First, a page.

We often think of a basketball “move” as something a player does with the ball in his hands. A Euro step. A crossover dribble. A big man’s post game. Each of these encompasses a singular skill the player uses to generate an open shot by themselves. But not all offensive moves require the ball to be successful. For a handful of NBA players, it’s what they do in the lead up to receiving the ball that allows them to be successful. Some players use their signature moves to play off others, creating the outlets for when a more ball-dominant player can’t get their move to work. In today’s NBA, there’s no better example of that than Kyle Korver of the Cleveland Cavaliers.
Korver has made a career off a signature move which involves him touching the ball for 1-2 seconds. It requires his teammates to be successful. But no one does it better than him. Korver’s ability to use screens to spring himself open is legendary. He’s become one of the five best shooters to ever play, as much because of his jumper as his ability to get in position to use it.
Korver is the most frequent screen-user in the NBA, generating 42.2 percent of his offense on these looks, per NBA Synergy data. He generates 1.26 points per possession off screens, which is in the 83rd percentile, the highest efficiency of any player using more than 15 percent of their possessions in this play type. He’s mastered the art of using a teammate’s body to spring himself away from the defender, setting his feet and firing before the defense has any hope of reacting.
It starts with the anticipation of the screen. Korver is constantly moving around off ball, and he tries shifty little moves to get his defender off balance before he even starts coming around the screen, or sometimes before the screen is even set. Rookies like Jayson Tatum aren’t ready for it, and get lost before the screen is even set.
Players have to account for him from anywhere on the floor, because he is just as likely to shift to the corner on a drive as he is to dart across the court through a maze of traffic. Korver isn’t the best athlete, but his acceleration is phenomenal, and his ability to change direction and ping through the paint to the perimeter is fascinating.
The anticipation and mind games Korver plays off ball set these looks up, but the real magic comes from two physical traits truly unlocking Korver’s abilities. The first are acceleration and agility, which Korver uses to throw defenders off balance. While we talk a lot about a quick first step with the ball on drives, Korver is outstanding at getting up to a sprint from a standstill, and then stopping on a dime to rise for a jumper. In this clip from a game against Miami last year, watch how Korver goes from 0-60 while tracking sideways to present a threat to pull from anywhere on his path off the screen:
That footwork sets up the second physical tool Korver uses — his balance. Korver’s gather into his jumper is nearly unmatched in today’s NBA, and he’s always ready to shoot immediately on the catch. That’s a result of his ability to control his body in space. Korver can decelerate instantly, square his shoulders and gather to release the ball all in one motion. Scouts talk about a one-motion release of the ball from distance — Korver almost has a one-motion jumper, and that starts from the moment he plants to square up as soon as he catches the ball.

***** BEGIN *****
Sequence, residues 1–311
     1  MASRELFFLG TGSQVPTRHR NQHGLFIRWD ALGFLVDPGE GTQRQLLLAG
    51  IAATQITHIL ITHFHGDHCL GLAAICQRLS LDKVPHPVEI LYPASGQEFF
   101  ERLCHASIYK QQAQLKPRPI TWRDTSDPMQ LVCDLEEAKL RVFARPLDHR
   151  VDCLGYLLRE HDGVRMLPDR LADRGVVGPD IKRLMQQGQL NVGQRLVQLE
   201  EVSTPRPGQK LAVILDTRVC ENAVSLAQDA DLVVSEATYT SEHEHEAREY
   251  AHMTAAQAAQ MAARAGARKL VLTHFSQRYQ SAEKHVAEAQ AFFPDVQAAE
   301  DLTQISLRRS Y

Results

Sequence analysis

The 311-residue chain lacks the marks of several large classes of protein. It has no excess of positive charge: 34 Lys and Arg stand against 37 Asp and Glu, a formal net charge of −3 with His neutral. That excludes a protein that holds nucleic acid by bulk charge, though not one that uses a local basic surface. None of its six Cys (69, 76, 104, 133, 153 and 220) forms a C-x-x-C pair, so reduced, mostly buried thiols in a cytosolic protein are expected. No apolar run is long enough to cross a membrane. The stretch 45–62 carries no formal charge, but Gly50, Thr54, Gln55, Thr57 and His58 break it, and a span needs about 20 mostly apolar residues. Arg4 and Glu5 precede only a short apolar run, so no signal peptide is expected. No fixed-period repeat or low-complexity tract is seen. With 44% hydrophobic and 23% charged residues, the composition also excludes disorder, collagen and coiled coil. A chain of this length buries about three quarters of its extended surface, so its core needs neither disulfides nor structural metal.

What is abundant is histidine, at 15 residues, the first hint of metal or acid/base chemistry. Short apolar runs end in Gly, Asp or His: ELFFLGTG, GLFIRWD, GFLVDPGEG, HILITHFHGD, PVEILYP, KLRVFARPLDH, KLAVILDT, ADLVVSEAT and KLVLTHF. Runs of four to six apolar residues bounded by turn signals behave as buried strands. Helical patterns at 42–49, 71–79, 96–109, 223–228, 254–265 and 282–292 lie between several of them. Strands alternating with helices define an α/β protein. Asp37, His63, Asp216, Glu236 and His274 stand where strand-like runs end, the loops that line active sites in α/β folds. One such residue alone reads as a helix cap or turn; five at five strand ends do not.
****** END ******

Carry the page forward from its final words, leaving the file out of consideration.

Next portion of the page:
As a defender, this is basically the off-ball version of being put in jail on-ball. Korver looks calm, fluid, and measured as he curls off the screen, but for the defender, this moment is chaos. Players have to read and react almost instantly to Korver’s movement, navigate the screen and try to stop and get a contest on one of the quickest jumpers in the NBA. More often than not, you’re going to end up like Ben McLemore here, who never had a chance at a quality contest.
Get hung up on the screen at all, and you’re left innocently trailing behind Korver as he fires away:
And on the rare occasion you beat the screen, watch as Korver just anticipates it, taking a gather dribble to create an extra few inches of separation before he buries it anyway.
The Cavs have even incorporated dribble-handoff shots for Korver with LeBron setting the screen, which is a new wrinkle setting Korver up to shoot right behind the screener, creating an extra degree of separation.
Spot-up shooting is a valuable skill for every NBA wing to master. But it can take years for players to build up simple consistency on their release, and that’s just from a standstill. Korver transcends what we think of as a spot-up shooter. Not only is he equipped with one of NBA history’s most textbook jumpers, he also has mastered the art of using space and the players around him to create open looks for himself. That’s what creates the gravity he brings to an offense — not just that he can hit shots if left open, but that he’s always moving, and you have to worry about him creating his own looks with just a sliver of space and a well-placed pass (especially on the Cavs, who have mastered the art of screens of suspect legality).
Korver deserves to be included in this encyclopedia. He may not have the explosion of a Giannis Euro step or the flair of a Kyrie hang dribble, but the way Korver combines his awareness and his elite agility and balance to get open is singularly unique to him. He’s advanced so far up the spot-up ladder that the Cavs are able to use him running off a screen on the other side of the floor as a decoy action to get Dwyane Wade or LeBron James an open look at the rim, which you can’t say about any other shooter in the league, save for maybe J.J. Redick. And to still be this effective coming off screens at it at nearly 37-years old is unheard of.
If we’re making a reference of the NBA’s most effective and transcendent moves in 2017-18, Korver’s ability to spring himself open definitely needs to be included.